What Makes a Hurricane Stall and Why is it So Dangerous?
A lot can go wrong when hurricanes stall. Their destructive winds last longer. The storm surge can stay high. And the rain keeps falling.
During Hurricane Sally, Naval Air Station Pensacola reported more than 24 inches of rain as the storm’s forward movement slowed to walking speed along the coast. We saw similar effects when the decaying Hurricane Harvey sat over Houston for four days in 2017 and dropped up to 60 inches of rain in some areas – that’s 5 feet! Hurricane Dorian slowed to 1 mile per hour in 2019 as its winds and rain battered the Bahamas for two days.
Post-Tropical Storm Beta was the latest stalling storm, flooding streets in Houston as it slowly crept up the Texas coast and eventually moved into Louisiana.
Research shows that stalling has become more common for tropical cyclones in the North Atlantic since the mid-20th century and that their average forward speed has also slowed.
So, why does this happen? Here are answers to some questions I hear as a meteorologist about how storm systems move and why they sometimes slow to a crawl.
Why do some storms move fast and others slow?
Hurricanes are steered by the winds around them. We call this the atmospheric flow. If those winds are moving fast, they’ll move the storm fast. You can picture it as a leaf floating on a stream. If the stream moves slower, the leaf moves slower. When the flow turns, the leaf turns.
What the atmospheric flow is doing in a given location on a day-to-day basis can be pretty variable. How quickly a given storm will move depends on such things as whether a high-pressure ridge is nearby, or if there is low pressure where air flows counterclockwise. And steering currents can weaken if a storm is caught between different kinds of flow.
One factor that affects flow in the Atlantic is a high pressure system called the Bermuda high. Many hurricanes that form east of the Lesser Antilles get steered by the Bermuda high.
What does climate change have to do with it?
The Arctic has been warming about twice as fast as the mid-latitudes, where most of the U.S. is located. That’s reducing the temperature distribution, or gradient, between the Arctic and the mid-latitudes. And that can affect the steering currents, such as those associated with the Bermuda high.
On average, the forward speed of hurricanes has been slowing down. Simulations of tropical storm behavior have suggested that this slowing will continue as average global temperatures warm, particularly in the mid-latitudes.
A warmer atmosphere also means storms can tap into more moisture. As temperature increases, it’s easier for water to evaporate into vapor. Imagine setting your laundry out to dry on a hot day versus a cool day. Your laundry will dry faster if it’s hot out because the liquid water can become vapor more easily. Your laundry also feels cool when water evaporates from it because evaporation is a cooling process. In a hurricane, the opposite happens – water vapor reverts to liquid as cloud droplets, which means energy gets released, and that energy powers the storm.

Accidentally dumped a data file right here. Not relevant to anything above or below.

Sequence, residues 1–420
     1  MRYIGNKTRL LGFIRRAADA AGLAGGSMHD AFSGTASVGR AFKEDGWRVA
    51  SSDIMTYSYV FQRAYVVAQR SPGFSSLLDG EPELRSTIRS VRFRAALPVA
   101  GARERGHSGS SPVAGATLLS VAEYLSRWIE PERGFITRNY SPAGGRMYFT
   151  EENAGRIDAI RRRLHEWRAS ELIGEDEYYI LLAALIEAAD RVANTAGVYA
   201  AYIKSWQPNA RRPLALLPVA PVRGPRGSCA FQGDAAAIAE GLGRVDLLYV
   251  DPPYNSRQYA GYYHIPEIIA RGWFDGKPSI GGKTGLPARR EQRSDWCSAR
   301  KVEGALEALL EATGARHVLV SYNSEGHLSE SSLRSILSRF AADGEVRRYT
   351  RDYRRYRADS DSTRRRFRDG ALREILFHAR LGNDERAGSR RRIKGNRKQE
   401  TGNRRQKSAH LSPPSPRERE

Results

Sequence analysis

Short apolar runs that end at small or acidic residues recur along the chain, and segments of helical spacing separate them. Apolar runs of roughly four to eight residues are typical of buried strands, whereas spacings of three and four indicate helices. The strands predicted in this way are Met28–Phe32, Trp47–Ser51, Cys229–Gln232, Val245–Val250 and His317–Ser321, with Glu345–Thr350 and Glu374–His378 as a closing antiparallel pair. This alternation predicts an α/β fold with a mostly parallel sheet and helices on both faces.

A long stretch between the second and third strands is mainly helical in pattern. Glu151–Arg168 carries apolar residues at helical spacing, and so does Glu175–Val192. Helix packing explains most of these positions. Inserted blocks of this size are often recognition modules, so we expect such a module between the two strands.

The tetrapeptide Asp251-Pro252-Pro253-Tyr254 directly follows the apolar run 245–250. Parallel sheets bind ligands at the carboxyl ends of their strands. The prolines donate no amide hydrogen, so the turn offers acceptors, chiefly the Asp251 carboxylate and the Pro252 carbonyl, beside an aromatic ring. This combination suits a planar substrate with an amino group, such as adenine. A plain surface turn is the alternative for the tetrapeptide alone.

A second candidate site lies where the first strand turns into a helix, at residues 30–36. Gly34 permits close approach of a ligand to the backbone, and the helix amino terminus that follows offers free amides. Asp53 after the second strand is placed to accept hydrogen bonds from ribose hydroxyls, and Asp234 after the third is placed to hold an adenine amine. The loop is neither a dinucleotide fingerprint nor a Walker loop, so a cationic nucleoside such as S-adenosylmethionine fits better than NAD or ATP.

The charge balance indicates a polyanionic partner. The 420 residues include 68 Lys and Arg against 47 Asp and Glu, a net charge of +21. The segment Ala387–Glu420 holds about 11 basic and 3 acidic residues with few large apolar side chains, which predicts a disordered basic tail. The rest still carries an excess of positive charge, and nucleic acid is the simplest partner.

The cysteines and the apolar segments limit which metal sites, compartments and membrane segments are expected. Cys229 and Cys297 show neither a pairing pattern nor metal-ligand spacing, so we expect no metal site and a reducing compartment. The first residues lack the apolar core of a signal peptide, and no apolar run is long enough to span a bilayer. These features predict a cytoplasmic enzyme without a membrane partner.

If a storm slows, and if it has access to more moisture, it can dump more rain and produce a greater storm surge due to the slow motion.
Why are slow-moving storms so dangerous?
When a hurricane approaches land, there are multiple possible effects: the wind from the hurricane itself, the rainfall the hurricane produces and the storm surge that’s pushed by the hurricane.
Inland, excessive rain can cause low-lying areas to fill with water and also leads to river and stream flooding. Slow-moving storms mean longer periods of heavy rain near the coast, so the inland flooding that heads downstream can meet the storm surge moving upstream, which is terrifying.
North Carolina saw that in 2018 when Hurricane Florence pushed a 10-foot storm surge into the Neuse River while dumping more than 20 inches of rain across a large part of the state.
Why is it so hard to forecast a slow mover?
To forecast a storm, we look at what we call “dynamical guidance” – computer models that simulate the atmosphere and make a prediction based on our knowledge of physics. Forecasters put in variables such as the current wind, temperature and pressure, and the computer uses that starting point to simulate what the weather could be hours or days into the future.
But our initial picture of the atmosphere is not perfect, and the computer can work only with what we give it. Each computer model is also a little different. They’re all based in the laws of physics, but the assumptions they make and how they take in data can vary from model to model.
When a storm is moving slowly, what could be a small difference in the initial atmospheric picture can result in big differences over the next few days. Why? When steering currents are weak, like 5 mph, a speed difference of 2 mph in the initial flow has a bigger impact than when the currents are strong, so it’s easier for the models to produce forecasts that end up looking different from what eventually happens.
Kim Wood is an Assistant Professor in the Department of Geosciences at Mississippi State University specializing in tropical meteorology. She obtained her Ph.D. in atmospheric science from the University of Arizona in 2012. She is currently pursuing research related to tropical cyclone climatology, tropical cyclone intensity and structure change, and scientific data visualization.
This article appears courtesy of The Conversation and may be found in its original form here.
The opinions expressed herein are the author's and not necessarily those of The Maritime Executive.